32 \\\\\ CHARTERED INSURANCE INSTITUTE
t is two years since larger organisations have been
mandated to report on their gender pay gap statistics,
and progress is being made. For the Chartered
Insurance Institute (CII), reporting has uncovered
positive year-on-year trends.
Since the report we produced in 2018, we have managed to halve
our pay gap, in just one year alone, to a mean of 14.77 percent. For us,
this highlights the benefits of reporting, even though we do not meet
the mandatory criteria.
Gender pay gap reporting enables organisations to properly
assess their internal organisational pay parity without any risk of
subjectivity, and then take whatever actions may be necessary to
create a fairer environment for all colleagues.
It is important to approach the pay gap challenge proactively as the
national pay gap has, for 2019, shown only a 1 percent improvement
on that of 2018. According to the World Economic Forum, at this
rate, we shouldn’t expect to see global parity until 2220, more than
200 years from now.
While this is a shocking assessment, it does show that more needs
to be done. What we need is proactive and constructive initiatives. This
is why the CII has revealed its figures for the second consecutive year.
As a professional body, the CII recognises the importance of
leading by example, and has chosen to volunteer not only our gender
pay gap figures but also our ethnicity gap figures.
We chose to do this because we believe that it is important for
organisations to understand how their people are impacted by imbalance
so that they can put in place aspirational targets for measurable plans.
The increase in public awareness has been beneficial to the cause
because it has led to a broader understanding of how women’s financial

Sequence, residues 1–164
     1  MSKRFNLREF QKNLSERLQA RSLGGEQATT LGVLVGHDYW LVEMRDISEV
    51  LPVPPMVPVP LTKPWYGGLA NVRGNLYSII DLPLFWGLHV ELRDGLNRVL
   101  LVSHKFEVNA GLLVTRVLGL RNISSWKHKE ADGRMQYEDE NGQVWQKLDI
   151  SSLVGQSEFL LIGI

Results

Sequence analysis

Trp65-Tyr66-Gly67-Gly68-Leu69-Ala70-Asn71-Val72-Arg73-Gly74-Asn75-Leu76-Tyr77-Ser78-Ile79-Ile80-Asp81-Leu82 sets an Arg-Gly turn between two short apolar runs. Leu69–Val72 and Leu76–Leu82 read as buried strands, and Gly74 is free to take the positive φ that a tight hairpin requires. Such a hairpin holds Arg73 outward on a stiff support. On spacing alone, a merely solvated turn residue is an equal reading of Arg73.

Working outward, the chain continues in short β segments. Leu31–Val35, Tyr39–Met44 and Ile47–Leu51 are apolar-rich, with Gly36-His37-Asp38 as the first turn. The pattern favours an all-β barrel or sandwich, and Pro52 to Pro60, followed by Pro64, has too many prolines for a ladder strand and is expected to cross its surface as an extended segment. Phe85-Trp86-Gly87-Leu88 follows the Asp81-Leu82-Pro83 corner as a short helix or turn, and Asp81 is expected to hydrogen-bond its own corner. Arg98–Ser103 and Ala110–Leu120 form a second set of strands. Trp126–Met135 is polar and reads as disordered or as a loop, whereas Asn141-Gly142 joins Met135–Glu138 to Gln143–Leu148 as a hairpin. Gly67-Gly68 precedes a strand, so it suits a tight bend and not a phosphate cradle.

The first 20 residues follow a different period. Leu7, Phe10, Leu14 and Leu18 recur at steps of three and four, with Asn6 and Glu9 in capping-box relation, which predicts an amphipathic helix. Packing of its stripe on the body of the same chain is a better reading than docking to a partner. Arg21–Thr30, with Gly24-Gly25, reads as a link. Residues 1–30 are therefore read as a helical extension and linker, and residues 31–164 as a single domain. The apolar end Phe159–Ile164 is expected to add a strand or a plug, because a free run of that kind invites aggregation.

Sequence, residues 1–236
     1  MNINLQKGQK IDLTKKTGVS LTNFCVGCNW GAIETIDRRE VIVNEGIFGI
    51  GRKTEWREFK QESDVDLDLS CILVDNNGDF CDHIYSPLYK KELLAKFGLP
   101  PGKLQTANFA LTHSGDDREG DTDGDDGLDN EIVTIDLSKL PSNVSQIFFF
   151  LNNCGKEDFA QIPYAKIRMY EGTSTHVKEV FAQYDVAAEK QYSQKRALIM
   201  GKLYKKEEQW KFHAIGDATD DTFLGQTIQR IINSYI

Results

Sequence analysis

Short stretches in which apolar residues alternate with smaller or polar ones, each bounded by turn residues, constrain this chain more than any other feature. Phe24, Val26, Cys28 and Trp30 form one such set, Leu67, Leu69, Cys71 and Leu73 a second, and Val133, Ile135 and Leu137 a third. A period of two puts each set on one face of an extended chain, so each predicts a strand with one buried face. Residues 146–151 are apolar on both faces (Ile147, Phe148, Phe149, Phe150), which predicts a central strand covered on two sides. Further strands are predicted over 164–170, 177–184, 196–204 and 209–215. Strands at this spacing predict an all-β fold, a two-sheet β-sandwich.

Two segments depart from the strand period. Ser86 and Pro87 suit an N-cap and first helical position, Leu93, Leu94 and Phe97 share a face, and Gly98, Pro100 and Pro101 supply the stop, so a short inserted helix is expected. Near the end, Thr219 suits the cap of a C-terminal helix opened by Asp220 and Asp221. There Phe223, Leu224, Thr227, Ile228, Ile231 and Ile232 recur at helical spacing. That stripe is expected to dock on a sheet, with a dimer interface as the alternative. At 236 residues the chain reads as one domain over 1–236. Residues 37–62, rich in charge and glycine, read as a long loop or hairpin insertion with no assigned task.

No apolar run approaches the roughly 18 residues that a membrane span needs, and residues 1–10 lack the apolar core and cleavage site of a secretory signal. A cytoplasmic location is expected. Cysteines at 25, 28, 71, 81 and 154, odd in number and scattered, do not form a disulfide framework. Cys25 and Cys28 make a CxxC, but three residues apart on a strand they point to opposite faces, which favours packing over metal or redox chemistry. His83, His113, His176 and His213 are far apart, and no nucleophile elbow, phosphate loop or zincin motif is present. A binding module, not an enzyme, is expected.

lives are impacted. Although it has been illegal in the UK to pay women
less money for the same work as men since 1970, the reality according
to the most recent figures from the Office of National Statistics, is that
women’s earning potential amounts roughly to just 59 percent of that
of their male counterparts over the course of their lives.
Gradual progress is being made to close
the gender pay gap, and a good place to
start is with a willingness to acknowledge
that the problem exists, as Sian Fisher,
chief executive officer of the Chartered
Insurance Institute, explains.
roughly to just 59
percent of that of their
over the course of
There are multiple contributing factors, from the likelihood
of women reducing their working hours later in their careers, to a
disproportionately small number of women reaching C-suite level
in their organisations. This, coupled with the fact that a woman’s
pension can be worth on average one-fifth that of the average man’s,
shows that the matter is quite complex.
The CII’s Insuring Women’s Futures campaign is a market
programme which was launched to conduct proper research on how
women’s risks in life differ from men’s, and what factors constitute
women’s financial wellbeing. In a previous report the programme
highlighted six significant moments at which good interventions
would significantly impact the financial wellbeing of women.
It is by the collective impact of all six moments that the financial
resilience of women could be materially improved.
The CII’s own experience shows there is no single solution to the
challenge of the gender pay gap, but a good place to start is with a
willingness to acknowledge that the problem exists and to put clear,
deliverable action plans in place to address it.
With clearly defined targets established by a consensus within the
profession for what positive change looks like, I have no doubt that
we can make real and positive headway towards a better, more fair and
secure future for all. ■
Sian Fisher is the chief executive officer of the Chartered
Diversity and Inclusion Report 2019 www.intelligentinsurer.com
SHUTTERSTOCK / BASTIAN WELTJEN